By Jacob Klein
The Meno, probably the most greatly learn of the Platonic dialogues, is obvious afresh during this unique interpretation that explores the discussion as a theatrical presentation. simply as Socrates's listeners could have wondered and tested their very own considering according to the presentation, so, Klein exhibits, may still glossy readers get involved within the drama of the discussion. Klein bargains a line-by-line observation at the textual content of the Meno itself that animates the characters and dialog and thoroughly probes every one major flip of the argument.
Originally released in 1965.
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Additional info for A Commentary on Plato's Meno
Cf. Thompson, p. 69 ( 1 9 ) . " T h i s almost literal translation omits the puns contained in the first sentence a n d does not d o justice to the special paratactic character of the second. T h e literal assertion in the phrase: Ou pany eimi mnemon, I have not the best of memories, is, no doubt, a p a r t of Socrates' ironic "code," 2 6 as Alcibiades, for one, in the Protagoras27 well knows. But in the texture (and sound) of the fuller phrase: ou pany eimi mnemon, δ Menon, there seems to be embedded more than one p u n and more than one p e r t i n e n t connotation.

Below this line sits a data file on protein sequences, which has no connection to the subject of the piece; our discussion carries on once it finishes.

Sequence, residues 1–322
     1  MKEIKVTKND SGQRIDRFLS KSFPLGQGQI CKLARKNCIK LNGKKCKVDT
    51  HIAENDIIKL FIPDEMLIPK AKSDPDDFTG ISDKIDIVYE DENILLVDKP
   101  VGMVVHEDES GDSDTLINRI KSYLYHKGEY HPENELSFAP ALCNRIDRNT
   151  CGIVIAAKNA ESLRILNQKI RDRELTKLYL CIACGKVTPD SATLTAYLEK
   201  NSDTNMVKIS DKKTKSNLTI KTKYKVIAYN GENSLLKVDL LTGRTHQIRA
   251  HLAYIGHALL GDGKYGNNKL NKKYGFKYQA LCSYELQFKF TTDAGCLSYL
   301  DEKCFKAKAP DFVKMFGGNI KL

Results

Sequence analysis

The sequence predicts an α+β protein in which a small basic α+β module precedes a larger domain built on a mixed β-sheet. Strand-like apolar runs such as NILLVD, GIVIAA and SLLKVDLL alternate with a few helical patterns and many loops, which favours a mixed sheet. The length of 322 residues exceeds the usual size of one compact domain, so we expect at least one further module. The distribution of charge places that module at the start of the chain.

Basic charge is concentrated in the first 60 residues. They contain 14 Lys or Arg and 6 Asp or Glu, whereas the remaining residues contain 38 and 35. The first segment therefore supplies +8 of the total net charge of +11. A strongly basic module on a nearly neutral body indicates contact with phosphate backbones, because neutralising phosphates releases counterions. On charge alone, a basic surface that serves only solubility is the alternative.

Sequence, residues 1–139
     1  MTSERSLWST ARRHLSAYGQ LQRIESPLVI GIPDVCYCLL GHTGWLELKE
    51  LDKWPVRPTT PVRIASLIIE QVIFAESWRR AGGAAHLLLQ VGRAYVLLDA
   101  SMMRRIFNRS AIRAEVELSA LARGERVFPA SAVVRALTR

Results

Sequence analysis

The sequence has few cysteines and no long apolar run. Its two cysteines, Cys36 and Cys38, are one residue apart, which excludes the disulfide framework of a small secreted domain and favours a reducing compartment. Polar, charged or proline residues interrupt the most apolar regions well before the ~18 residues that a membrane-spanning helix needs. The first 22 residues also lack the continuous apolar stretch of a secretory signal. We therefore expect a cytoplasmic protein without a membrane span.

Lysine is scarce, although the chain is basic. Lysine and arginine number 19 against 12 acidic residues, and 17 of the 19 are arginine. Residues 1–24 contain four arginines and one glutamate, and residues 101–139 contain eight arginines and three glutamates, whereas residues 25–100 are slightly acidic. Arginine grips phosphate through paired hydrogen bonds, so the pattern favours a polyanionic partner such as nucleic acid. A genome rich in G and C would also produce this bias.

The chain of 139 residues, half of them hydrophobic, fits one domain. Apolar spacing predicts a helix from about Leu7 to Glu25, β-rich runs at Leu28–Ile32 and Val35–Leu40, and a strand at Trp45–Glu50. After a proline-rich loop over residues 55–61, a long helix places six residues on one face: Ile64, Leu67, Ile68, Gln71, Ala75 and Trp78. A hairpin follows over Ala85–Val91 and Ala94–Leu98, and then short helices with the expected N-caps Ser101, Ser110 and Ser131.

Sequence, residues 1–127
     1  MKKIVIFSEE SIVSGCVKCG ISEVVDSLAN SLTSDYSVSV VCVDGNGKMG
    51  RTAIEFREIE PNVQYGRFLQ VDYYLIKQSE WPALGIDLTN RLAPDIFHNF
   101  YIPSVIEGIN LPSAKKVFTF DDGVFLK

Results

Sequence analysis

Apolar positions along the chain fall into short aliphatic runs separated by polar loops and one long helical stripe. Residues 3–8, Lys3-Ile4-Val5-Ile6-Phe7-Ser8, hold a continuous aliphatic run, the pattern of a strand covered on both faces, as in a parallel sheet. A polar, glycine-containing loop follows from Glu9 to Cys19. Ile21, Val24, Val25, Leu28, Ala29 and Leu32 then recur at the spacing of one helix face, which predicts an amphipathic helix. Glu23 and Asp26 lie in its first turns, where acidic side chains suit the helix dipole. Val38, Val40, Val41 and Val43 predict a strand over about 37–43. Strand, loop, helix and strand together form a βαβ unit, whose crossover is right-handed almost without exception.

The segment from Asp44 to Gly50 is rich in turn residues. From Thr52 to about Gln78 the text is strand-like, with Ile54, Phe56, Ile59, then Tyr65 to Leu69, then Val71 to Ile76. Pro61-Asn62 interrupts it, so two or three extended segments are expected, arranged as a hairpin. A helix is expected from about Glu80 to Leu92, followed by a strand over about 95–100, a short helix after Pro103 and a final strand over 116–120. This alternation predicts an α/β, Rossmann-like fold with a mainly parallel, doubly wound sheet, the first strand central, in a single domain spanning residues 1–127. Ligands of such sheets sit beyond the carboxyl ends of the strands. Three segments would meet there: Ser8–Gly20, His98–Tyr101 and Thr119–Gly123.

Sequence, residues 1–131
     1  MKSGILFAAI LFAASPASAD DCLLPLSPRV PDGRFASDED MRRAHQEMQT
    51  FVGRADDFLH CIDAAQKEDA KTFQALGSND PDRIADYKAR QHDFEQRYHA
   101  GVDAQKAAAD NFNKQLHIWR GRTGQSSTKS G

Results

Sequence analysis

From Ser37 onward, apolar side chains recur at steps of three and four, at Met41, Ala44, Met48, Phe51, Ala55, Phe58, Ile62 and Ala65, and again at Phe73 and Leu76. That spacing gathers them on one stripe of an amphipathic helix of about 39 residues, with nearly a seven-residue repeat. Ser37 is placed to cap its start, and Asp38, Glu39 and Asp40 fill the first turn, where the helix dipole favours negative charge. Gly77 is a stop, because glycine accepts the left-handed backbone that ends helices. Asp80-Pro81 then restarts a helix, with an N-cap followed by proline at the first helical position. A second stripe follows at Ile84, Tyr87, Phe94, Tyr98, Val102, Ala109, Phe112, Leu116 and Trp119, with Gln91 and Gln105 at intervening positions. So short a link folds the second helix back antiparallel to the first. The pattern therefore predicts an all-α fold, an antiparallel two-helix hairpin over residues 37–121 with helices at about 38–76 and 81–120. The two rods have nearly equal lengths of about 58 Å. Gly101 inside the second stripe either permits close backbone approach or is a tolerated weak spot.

T h e confirmation of Socrates' belief would require, however, the closing of a gap in the argument. It would be necessary to show that knowledge of knowledge and of ignorance is inseparable from knowledge of what is good and what is evil. It is not Critias alone who would be hard pressed to plug this gap. In this same connection, Socrates finds occasion to remark (175 c 3-7) that, notwithstanding all the difficulties which Critias' logos presents, his and Critias' "generous" concession in the face of its paramount difficulty amounts to agreeing to the possibility of knowing, in some way or other (άμώ$ 7 1 TTUS) , that which one knows one does not know.
Public figure10 at the beginning of the fourth century, a "Thessalian Alcibiades," in Jowett's phrase. 1 1 Fame, b e it of a glorious or an infamous kind, does not need—especially at that time in Greece—the channel of the written word to r u n its course. T h e r e can hardly be any d o u b t that Meno's image as that of an archvillain was fixed in the minds of Plato's contemporaries, regardless of w h e t h e r this image did or did n o t do justice to the "real" Mcno. A n d we, on o u r part, can hardly escape the impact of Xenophon's description of that peculiarly gifted man.
A Commentary on Plato's Meno by Jacob Klein